Hodge and the Princetonians never seemed prepared to accommodate the egalitarian, populist tendencies within evangelicalism, a fact that limited Hodge’s appeal to rank-and-file believers. Indeed, Hodge seems representative of those in the Reformed segment of evangelicalism who struggle to sympathize with their more “democratic” Christian brethren. This tension persists today, as Reformed folks routinely lament the anti-intellectualism and sentimentality of evangelical church life, but often seem unable to engage more revivalistic evangelicals with Hodge’s kind of learned, historically rooted piety.

The Remarkable Legacy Of Charles Hodge

This week marks the 219th birthday of Charles Hodge, arguably the most influential American theologian of the 19th century.

Hodge and the Princetonians never seemed prepared to accommodate the egalitarian, populist tendencies within evangelicalism, a fact that limited Hodge’s appeal to rank-and-file believers. Indeed, Hodge seems representative of those in the Reformed segment of evangelicalism who struggle to sympathize with their more “democratic” Christian brethren. This tension persists today, as Reformed folks routinely lament the anti-intellectualism and sentimentality of evangelical church life, but often seem unable to engage more revivalistic evangelicals with Hodge’s kind of learned, historically rooted piety.

 

This week marks the 219th birthday of Charles Hodge, arguably the most influential American theologian of the 19th century. Some called Hodge the “Pope of Presbyterianism.” Hodge’s stature in American religious history has faded, obscured by figures from his era with more dubious legacies, including the evangelist Charles Finney, and Joseph Smith, the founder of Mormonism. But Hodge’s place in the first rank of American theologians received a deserved boost from Paul Gutjahr’s excellent biography (a 2012 Christianity Today book award winner) Charles Hodge: Guardian of American Orthodoxy.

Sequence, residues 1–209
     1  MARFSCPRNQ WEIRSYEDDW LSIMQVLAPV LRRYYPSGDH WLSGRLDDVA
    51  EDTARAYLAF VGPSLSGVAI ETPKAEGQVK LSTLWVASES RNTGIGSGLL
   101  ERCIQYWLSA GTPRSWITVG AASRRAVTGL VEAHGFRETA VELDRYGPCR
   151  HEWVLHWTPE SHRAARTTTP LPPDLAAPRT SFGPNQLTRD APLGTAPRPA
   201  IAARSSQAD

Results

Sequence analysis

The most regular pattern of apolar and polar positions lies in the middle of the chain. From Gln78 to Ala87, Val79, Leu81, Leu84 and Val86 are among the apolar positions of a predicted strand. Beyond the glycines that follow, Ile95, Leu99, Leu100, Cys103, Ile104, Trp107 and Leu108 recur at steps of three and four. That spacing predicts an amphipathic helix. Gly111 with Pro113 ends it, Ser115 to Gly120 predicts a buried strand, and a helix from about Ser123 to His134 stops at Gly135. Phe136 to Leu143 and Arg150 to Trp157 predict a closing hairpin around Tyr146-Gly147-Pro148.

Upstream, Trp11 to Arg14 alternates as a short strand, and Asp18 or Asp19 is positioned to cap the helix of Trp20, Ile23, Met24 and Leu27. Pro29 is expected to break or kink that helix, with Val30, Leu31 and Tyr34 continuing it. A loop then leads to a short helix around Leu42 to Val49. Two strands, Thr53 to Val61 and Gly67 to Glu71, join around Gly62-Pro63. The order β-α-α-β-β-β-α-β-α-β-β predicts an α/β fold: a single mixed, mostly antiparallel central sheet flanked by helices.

Hodge’s father died when Charles was six months old, but his mother made sure that he was surrounded by mentors in the faith. Ashbel Green was Hodge’s pastor at Philadelphia’s Second Presbyterian Church, and later, the president at Princeton College when Hodge studied there. These were times—not entirely forgotten in some Christian circles today—of children committing doctrine to memory, and as a boy Hodge routinely appeared before Green to be drilled on the Westminster Catechism. Later, at Princeton, he again had to memorize the Catechism—this time in Latin.

Gutjahr argues that these lessons inextricably shaped Hodge’s mature theology and temperament. Hodge spent his career defending and teaching the Calvinist precepts he learned in the Catechism: the absolute supremacy of God, the absolute inability of people to save themselves from the wrath of God against sinners, and the absolute efficacy of Christ’s work on the cross to deliver believers from that fate.

The early history of Hodge’s church and his employer Princeton were inextricably connected to the gospel preaching of Great Awakening luminaries George Whitefield and Gilbert Tennent. Tennent had been the first pastor at Hodge’s home church, and Princeton had originally served as a seminary for revivalist Presbyterian pastors. Hodge, however, balked at what he saw as the exaggerated emotionalism of the First and Second Great Awakenings, and focused more on proper belief and sanctification than godly affections. Like many of his Princeton colleagues, he unapologetically believed in a hierarchy of the well-trained and educated pastors during a time of burgeoning democratization in church and culture.

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